How to cite: Zeiger, P., Picard, G., Richaume, P., Rodriguez Fernandez, N., and Mialon, A.: Melt detection from SMOS enhanced resolution brightness temperatures on the Antarctic and Greenland ice sheets, EGU General Assembly 2024, Vienna, Austria, 14–19 Apr 2024, EGU24-7605, https://doi.org/10.5194/egusphere-egu24-7605, 2024.

X5.231
|
EGU24-8534
|
ECS
Xinyi Shang, Xiao Cheng, Lei Zheng, Qi Liang, and Teng Li

The potential impact of increased snowmelt and related hydrological processes on ice sheet stability has become a focus of academic attention. Hydro-fracture caused by liquid water is one of the main triggers of ice shelf disintegration. Recent discoveries of firn aquifer (FA) in the Wilkins Ice Shelf (WIS) have updated our understanding of surface hydrological processes, mass and energy balance. However, the limited field and airborne radar observations of FA cannot provide a complete picture of their distribution and characteristics. Microwave remote sensing is highly sensitive to the dielectric constant change caused by the dynamics in buried liquid water. However, it is challenging to obtain the buried depth of FA from space. In this study, the extent and depth to the water table (DWT) of FA are investigated with the combination of active and passive microwave observations, as well as airborne radar measurements. First, with the verification points from airborne radar, the extent of FA is mapped from satellite-derived snowmelt and accumulation conditions based on a K-Nearest Neighbors classification model (OA=97.2%, Kappa=0.94). Next, we use a Gaussian Process Regression model to estimate the DWT of FA (R=0.8, RMSE=2.17 m). The results show that FA occurred in most areas of WIS in 2014, with a DWT of 12.8±2.9 m. The DWT increased from north to south. Further study will examine the dynamics in FA and their hydro-fracture effect on ice shelf calving and the stability of the Antarctic ice sheet.

How to cite: Shang, X., Cheng, X., Zheng, L., Liang, Q., and Li, T.: Firn aquifer properties of Wilkins ice shelf from multi-source spaceborne microwave observations, EGU General Assembly 2024, Vienna, Austria, 14–19 Apr 2024, EGU24-8534, https://doi.org/10.5194/egusphere-egu24-8534, 2024.

X5.232
|
EGU24-10739
Jane Hart, Nathaniel Baurley, and Kirk Martinez

Recent research on the subglacial hydrology beneath the soft bedded West Antarctic Ice streams has shown the presence of a braided subglacial hydrology. We have been able to investigate the seasonal changes associated with a soft-bedded braided system from a series of instrumented temperate glaciers, and show there is a continuum between a subglacial channelized and braided system.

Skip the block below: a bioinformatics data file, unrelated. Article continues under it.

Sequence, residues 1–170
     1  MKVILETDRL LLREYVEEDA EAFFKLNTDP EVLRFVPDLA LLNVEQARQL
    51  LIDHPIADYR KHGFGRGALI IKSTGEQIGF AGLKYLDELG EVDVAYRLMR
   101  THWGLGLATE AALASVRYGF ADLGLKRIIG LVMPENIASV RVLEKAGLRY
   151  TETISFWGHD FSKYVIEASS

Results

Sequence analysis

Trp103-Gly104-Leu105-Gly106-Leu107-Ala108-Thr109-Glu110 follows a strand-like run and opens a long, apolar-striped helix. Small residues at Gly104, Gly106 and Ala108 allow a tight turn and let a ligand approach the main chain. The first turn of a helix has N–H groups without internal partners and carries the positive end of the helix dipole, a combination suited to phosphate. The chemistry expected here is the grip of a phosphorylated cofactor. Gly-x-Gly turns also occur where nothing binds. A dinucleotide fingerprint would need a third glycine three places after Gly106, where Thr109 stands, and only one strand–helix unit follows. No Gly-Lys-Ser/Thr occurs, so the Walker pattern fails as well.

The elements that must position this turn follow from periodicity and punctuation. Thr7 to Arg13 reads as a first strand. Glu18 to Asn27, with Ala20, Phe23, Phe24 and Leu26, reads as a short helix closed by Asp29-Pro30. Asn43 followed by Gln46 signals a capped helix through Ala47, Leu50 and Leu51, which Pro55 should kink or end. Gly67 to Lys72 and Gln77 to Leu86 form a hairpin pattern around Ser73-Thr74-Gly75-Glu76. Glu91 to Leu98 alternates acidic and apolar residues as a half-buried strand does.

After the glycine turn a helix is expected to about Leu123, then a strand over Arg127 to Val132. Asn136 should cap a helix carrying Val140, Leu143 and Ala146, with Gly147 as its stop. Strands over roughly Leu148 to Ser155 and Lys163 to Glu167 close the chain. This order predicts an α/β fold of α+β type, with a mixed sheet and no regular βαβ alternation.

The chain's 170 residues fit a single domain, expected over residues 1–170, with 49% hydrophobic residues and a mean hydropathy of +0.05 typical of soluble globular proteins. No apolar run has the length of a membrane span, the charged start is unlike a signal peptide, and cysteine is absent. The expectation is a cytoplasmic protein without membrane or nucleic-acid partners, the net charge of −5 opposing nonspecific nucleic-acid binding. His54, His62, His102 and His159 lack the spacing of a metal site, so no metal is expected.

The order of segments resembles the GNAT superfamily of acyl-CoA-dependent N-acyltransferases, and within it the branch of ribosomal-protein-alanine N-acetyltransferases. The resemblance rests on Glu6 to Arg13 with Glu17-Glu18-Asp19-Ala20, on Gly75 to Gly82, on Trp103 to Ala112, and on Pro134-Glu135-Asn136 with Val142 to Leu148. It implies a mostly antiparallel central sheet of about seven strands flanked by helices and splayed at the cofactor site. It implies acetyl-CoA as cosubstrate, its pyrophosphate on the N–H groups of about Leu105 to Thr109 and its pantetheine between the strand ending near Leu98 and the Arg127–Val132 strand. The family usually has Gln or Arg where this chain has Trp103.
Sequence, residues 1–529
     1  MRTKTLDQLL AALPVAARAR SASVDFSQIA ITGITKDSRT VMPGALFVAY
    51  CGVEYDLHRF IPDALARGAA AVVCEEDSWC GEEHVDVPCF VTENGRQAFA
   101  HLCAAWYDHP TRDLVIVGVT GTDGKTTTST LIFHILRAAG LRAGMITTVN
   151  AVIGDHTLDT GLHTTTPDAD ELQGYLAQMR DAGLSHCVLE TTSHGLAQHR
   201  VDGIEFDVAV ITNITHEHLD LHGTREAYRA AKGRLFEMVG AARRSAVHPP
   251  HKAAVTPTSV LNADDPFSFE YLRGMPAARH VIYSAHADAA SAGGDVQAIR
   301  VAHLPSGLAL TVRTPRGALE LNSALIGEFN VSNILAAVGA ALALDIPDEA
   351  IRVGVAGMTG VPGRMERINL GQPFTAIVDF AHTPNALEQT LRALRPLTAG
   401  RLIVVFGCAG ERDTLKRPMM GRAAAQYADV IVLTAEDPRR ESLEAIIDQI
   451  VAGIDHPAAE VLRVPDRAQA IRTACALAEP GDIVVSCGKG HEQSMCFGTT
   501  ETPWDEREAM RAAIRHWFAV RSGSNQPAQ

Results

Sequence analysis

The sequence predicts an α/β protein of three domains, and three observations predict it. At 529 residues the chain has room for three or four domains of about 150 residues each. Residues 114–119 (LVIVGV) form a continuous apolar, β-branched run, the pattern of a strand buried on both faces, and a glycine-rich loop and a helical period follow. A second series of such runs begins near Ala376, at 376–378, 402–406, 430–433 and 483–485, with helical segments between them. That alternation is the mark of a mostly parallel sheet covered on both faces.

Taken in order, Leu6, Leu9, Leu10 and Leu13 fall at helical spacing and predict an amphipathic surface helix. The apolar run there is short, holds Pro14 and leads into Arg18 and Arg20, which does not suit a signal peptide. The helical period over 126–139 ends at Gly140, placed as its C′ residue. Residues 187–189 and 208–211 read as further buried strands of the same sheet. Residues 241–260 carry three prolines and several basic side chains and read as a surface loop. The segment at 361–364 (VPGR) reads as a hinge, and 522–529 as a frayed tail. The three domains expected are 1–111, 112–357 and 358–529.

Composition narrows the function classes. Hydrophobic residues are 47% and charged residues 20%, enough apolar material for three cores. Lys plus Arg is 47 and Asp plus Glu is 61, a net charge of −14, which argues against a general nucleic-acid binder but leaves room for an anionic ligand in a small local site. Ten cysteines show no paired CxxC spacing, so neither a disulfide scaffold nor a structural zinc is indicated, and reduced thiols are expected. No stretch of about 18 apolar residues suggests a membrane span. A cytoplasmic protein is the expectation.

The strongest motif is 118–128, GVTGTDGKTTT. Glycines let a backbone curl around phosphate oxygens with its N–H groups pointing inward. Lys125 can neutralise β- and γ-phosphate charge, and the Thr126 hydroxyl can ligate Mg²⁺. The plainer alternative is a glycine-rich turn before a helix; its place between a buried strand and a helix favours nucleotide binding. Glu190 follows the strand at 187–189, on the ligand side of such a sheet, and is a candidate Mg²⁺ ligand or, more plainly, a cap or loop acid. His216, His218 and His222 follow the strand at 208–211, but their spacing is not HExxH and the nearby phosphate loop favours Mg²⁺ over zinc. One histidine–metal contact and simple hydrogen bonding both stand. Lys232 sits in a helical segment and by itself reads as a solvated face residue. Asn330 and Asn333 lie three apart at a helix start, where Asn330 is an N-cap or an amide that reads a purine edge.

In particular, a braided subglacial river system can store summer meltwater, which is released during winter during positive degree days during winter (winter events) resulting in speed-ups. Here we show how recent increases in air temperature (and associated feedbacks such as proglacial lake growth), from a series of temperate soft-bedded glaciers, lead to potential changes in the subglacial hydrology and resultant glacier dynamics.

How to cite: Hart, J., Baurley, N., and Martinez, K.: Changes in soft bed subglacial hydrology associated with Climate Change, EGU General Assembly 2024, Vienna, Austria, 14–19 Apr 2024, EGU24-10739, https://doi.org/10.5194/egusphere-egu24-10739, 2024.

X5.233
|
EGU24-11819
|
ECS
Neosha Narayanan, Aleah Sommers, Jakob Steiner, Winnie Chu, Muhammad Adnan Siddique, Colin Meyer, and Brent Minchew

The snowpack and glaciers of the Himalaya-Karakoram range feed several major river systems in Asia which provide water to over one billion people. Glacial retreat, glacial lake outburst flooding (GLOFs), and glacial ice mass balance are all likely strongly affected by subglacial hydrology. Unfortunately, little is known about Himalayan glaciers due to their remoteness and the danger of doing field work there. Recent advances in subglacial hydrological modeling may allow us to shed more light on subglacial processes that lead to changes in ice mass balance and glacial lake flooding. We present the first application of the SHAKTI subglacial hydrology model to a Himalayan glacier. We model the subglacial drainage network of Shishper Glacier, located in Gilgit-Baltistan, Pakistan, to understand its seasonal evolution and history of surges and GLOFs. We find that the modeled seasonal evolution of Shishper's subglacial system follows a similar seasonal pattern to past observed and modeled subglacial systems. Additionally, a central Röthlisberger channel persists through the winter and serves as the basis for the subglacial drainage system throughout the melt season. We also investigate the 2017-2019 surge of Shishper glacier and find that subglacial hydrology, while likely an important component of surging, cannot provide a standalone explanation for surges. This work serves as a nucleus for future modeling work in the Himalayas and provides a new framework for studying the effects of climate change on glacier dynamics, water availability, and glacier-related hazards in the Himalaya-Karakoram (H-K) region.